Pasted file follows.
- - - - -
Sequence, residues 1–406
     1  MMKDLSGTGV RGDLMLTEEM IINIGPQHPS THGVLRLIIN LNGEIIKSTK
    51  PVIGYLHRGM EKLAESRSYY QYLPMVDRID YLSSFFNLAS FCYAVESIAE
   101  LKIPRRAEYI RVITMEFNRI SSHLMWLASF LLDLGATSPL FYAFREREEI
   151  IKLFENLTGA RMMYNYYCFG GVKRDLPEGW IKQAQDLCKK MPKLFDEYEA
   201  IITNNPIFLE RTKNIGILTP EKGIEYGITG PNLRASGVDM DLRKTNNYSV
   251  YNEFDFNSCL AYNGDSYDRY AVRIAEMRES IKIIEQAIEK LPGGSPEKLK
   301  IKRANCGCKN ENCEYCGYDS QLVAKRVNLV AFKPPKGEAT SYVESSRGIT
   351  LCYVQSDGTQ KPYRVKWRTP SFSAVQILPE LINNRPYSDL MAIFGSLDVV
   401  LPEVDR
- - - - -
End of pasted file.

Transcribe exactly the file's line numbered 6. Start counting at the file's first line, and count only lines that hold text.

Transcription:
   201  IITNNPIFLE RTKNIGILTP EKGIEYGITG PNLRASGVDM DLRKTNNYSV